Lulworthinone: In Vitro Mode of Action Investigation of an Antibacterial Dimeric Naphthopyrone Isolated from a Marine Fungus
AuthorJuskewitz, Eric; Mishchenko, Ekaterina; Dubey, Vishesh Kumar; Jenssen, Marte; Jakubec, Martin; Rainsford, Philip; Isaksson, Johan Mattias; Andersen, Jeanette Hammer; Ericson, Johanna U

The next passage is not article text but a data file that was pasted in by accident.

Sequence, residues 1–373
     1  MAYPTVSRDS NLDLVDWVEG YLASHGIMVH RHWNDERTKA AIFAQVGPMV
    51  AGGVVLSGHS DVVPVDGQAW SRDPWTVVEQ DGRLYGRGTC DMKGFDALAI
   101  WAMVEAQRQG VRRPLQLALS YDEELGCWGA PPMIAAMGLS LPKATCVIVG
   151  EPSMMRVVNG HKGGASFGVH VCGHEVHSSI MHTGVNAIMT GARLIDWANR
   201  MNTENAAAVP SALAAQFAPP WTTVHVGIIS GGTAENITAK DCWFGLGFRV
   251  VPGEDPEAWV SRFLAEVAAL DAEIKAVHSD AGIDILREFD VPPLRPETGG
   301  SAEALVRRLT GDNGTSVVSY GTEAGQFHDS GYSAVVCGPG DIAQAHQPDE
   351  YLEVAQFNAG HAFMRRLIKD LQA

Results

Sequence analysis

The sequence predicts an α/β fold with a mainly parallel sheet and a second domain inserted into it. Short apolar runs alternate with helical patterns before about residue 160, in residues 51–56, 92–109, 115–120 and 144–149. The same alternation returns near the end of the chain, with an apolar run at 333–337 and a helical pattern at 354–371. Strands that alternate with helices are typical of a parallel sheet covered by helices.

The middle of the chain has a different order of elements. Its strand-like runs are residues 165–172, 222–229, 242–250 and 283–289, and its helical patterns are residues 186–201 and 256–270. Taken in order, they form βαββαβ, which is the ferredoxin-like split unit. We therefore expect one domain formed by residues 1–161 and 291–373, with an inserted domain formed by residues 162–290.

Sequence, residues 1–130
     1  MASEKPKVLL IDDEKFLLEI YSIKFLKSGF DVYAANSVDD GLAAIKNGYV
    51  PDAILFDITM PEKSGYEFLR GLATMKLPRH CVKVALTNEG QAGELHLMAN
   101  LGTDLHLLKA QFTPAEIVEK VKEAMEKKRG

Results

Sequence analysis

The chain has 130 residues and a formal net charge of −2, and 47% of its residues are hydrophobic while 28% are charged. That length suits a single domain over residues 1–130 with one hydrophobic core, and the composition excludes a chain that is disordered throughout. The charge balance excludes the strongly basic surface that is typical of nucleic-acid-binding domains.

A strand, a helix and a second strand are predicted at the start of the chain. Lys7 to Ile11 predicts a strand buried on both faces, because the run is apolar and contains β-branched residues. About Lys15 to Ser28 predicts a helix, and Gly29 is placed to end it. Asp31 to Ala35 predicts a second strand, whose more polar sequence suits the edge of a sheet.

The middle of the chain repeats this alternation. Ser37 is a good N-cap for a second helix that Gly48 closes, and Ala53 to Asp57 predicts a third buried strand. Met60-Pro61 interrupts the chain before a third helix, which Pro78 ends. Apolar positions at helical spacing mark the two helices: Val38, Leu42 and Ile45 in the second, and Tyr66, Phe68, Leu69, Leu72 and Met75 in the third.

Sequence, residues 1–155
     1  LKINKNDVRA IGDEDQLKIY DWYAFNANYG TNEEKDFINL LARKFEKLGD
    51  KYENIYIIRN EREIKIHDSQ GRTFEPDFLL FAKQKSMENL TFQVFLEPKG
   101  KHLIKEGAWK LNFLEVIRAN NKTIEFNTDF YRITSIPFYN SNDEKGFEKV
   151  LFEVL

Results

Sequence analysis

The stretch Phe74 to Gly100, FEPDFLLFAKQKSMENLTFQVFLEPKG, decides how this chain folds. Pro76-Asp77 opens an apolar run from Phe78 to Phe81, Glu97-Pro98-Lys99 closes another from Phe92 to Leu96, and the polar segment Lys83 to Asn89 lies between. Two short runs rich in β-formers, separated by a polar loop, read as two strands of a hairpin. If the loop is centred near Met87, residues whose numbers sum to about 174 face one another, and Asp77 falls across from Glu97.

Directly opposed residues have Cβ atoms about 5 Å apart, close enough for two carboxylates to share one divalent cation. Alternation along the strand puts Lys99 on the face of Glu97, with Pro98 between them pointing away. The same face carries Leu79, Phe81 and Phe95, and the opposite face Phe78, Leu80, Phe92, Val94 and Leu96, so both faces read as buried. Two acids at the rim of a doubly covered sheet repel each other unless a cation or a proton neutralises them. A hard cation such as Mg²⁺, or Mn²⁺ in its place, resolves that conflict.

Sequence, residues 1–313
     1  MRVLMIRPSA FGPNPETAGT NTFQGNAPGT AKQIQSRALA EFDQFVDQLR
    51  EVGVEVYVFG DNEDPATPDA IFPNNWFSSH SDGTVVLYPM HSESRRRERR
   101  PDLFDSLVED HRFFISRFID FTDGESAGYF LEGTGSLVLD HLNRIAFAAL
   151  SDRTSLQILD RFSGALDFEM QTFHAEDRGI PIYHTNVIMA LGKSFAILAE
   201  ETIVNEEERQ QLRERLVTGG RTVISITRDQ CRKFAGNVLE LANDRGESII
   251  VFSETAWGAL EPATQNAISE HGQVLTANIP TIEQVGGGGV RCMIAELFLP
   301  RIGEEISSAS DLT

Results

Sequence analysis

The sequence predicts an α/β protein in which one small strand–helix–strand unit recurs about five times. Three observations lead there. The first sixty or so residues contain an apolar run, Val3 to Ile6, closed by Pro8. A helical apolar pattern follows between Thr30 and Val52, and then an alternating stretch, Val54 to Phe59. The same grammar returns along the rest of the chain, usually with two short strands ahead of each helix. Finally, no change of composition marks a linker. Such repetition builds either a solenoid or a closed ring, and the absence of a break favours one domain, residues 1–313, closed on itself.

Treatment options for infections caused by antimicrobial-resistant bacteria are rendered ineffective, and drug alternatives are needed—either from new chemical classes or drugs with new modes of action. Historically, natural products have been important contributors to drug discovery. In a recent study, the dimeric naphthopyrone lulworthinone produced by an obligate marine fungus in the family Lulworthiaceae was discovered. The observed potent antibacterial activity against Gram-positive bacteria, including several clinical methicillin-resistant Staphylococcus aureus (MRSA) isolates, prompted this follow-up mode of action investigation. This paper aimed to characterize the antibacterial mode of action (MOA) of lulworthinone by combining in vitro assays, NMR experiments and microscopy. The results point to a MOA targeting the bacterial membrane, leading to improper cell division. Treatment with lulworthinone induced an upregulation of genes responding to cell envelope stress in Bacillus subtilis. Analysis of the membrane integrity and membrane potential indicated that lulworthinone targets the bacterial membrane without destroying it. This was supported by NMR experiments using artificial lipid bilayers. Fluorescence microscopy revealed that lulworthinone affects cell morphology and impedes the localization of the cell division protein FtsZ. Surface plasmon resonance and dynamic light scattering assays showed that this activity is linked with the compound‘s ability to form colloidal aggregates. Antibacterial agents acting at cell membranes are of special interest, as the development of bacterial resistance to such compounds is deemed more difficult to occur.